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Home Instances of Descartes’s Early Projectionism: the Correspondence with Ferrier

Instances of Descartes’s Early Projectionism: the Correspondence with Ferrie

Invited editor: Ovidiu Babeș

 

Abstract. This paper investigates Descartes‟s description of a lenscutting machine set forth in his early correspondence with the artisan Jean Ferrier. I argue that this episode of Descartes‟s mixed-mathematical practice goes beyond the traditional Aristotelian model of subalternation of sciences in two ways: (i) it conceives optics as not being bound only to the principles of geometry – as it should be the case for Aristotelian mixed-mathematics, and (ii) it allows for conjoining different types of mixed-mathematics in a way in which certainty is preserved. The knowledge of each of them is seen as transferable to the other. In turn, these particularities are better explained if we take Descartes to have a view on mixed-mathematics which is inspired by Proclus‟s Commentary on the First Book of Euclid’s Elements.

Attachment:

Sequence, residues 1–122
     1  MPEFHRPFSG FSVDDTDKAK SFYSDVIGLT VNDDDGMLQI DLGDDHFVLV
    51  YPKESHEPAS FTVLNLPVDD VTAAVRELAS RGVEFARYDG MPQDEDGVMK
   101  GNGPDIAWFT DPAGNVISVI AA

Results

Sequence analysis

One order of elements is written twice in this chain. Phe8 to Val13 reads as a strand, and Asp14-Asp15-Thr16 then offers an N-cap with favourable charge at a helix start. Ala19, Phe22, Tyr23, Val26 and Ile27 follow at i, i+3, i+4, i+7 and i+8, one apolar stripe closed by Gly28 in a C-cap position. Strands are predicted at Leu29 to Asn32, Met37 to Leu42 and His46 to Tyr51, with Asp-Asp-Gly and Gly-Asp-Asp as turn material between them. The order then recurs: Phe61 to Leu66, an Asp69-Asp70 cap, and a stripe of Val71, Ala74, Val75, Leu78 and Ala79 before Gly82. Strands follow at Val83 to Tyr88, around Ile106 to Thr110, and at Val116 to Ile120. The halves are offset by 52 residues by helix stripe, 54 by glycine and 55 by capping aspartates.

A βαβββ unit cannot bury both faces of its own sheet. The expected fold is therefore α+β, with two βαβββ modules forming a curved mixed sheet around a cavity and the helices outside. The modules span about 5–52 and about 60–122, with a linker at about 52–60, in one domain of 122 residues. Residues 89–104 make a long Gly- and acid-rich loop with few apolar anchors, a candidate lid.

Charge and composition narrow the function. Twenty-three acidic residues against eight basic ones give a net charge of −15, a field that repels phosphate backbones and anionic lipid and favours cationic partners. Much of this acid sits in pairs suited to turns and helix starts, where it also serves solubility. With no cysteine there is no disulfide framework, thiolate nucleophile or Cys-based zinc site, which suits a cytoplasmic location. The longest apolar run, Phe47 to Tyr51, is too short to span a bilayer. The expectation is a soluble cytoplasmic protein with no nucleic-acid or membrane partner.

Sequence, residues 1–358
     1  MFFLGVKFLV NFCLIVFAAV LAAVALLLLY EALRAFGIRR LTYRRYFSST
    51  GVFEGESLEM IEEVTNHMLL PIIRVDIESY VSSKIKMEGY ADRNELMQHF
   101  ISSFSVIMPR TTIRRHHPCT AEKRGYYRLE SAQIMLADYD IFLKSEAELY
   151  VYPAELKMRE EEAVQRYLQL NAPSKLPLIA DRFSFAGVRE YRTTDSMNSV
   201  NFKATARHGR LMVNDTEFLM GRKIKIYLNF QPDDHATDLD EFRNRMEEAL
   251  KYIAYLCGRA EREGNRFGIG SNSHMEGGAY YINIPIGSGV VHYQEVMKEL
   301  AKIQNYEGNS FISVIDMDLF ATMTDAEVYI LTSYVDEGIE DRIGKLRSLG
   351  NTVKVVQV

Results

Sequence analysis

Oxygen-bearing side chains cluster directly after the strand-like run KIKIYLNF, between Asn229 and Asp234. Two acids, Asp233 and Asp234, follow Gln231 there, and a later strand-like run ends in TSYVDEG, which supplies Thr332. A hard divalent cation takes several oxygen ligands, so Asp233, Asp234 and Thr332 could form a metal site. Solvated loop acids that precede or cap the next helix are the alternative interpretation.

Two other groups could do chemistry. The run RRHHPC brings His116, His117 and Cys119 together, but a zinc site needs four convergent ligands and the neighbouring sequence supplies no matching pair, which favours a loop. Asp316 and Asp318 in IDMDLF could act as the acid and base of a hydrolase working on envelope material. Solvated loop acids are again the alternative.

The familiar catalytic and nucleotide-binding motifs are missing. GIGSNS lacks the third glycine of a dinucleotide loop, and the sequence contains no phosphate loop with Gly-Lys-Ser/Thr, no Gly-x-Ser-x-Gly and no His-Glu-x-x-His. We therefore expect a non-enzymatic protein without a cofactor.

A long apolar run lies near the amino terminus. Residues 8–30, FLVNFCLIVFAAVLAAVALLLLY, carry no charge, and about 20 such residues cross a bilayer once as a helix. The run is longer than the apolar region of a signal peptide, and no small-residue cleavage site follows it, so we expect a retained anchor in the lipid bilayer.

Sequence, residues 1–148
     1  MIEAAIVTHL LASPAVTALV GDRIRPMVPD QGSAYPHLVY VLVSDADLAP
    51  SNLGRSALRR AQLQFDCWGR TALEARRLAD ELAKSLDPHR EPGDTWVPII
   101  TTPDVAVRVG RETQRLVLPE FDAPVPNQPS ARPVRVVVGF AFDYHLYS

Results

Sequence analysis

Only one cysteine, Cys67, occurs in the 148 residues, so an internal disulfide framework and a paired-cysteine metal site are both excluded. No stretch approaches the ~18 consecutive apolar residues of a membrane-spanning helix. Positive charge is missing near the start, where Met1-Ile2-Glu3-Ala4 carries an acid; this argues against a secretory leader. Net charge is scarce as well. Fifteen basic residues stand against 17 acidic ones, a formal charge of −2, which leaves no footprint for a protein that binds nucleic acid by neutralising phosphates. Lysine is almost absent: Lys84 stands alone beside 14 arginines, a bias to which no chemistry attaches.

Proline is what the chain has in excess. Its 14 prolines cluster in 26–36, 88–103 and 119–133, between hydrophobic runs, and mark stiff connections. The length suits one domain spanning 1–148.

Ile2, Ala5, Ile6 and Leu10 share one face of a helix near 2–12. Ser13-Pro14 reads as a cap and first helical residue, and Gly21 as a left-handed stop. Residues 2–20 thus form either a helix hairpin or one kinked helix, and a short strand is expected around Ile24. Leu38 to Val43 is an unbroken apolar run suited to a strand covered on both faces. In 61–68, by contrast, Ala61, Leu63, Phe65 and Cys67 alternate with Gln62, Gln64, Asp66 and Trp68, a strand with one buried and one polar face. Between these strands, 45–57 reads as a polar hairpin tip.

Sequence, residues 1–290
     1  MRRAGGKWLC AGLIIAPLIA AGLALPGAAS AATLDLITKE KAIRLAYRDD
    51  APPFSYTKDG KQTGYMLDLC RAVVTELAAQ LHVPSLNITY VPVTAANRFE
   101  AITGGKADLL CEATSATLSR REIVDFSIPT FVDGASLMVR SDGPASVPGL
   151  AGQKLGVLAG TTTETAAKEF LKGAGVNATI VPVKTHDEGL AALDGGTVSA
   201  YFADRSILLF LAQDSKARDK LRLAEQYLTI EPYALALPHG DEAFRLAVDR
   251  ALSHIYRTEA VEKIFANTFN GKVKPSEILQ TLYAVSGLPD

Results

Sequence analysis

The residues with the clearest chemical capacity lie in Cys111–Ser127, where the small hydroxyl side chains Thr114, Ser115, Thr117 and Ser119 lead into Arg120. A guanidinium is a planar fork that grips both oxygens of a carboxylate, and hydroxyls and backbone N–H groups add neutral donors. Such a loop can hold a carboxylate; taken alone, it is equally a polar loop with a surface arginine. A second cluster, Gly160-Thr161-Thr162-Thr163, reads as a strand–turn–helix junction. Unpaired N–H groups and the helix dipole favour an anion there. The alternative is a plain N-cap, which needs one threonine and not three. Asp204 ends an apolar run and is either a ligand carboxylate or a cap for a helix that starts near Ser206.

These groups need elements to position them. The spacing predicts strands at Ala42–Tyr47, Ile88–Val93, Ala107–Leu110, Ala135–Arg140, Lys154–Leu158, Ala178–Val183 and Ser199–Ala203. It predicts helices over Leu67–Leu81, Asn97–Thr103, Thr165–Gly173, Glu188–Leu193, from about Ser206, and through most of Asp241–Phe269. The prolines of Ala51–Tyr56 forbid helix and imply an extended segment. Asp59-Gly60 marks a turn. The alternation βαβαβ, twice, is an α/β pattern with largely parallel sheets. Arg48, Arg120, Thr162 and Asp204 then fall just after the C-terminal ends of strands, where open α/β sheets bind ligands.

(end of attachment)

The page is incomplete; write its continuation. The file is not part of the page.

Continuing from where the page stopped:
Keywords: Descartes, Ferrier, Proclus, division of sciences, mixed-mathematics, dioptrics

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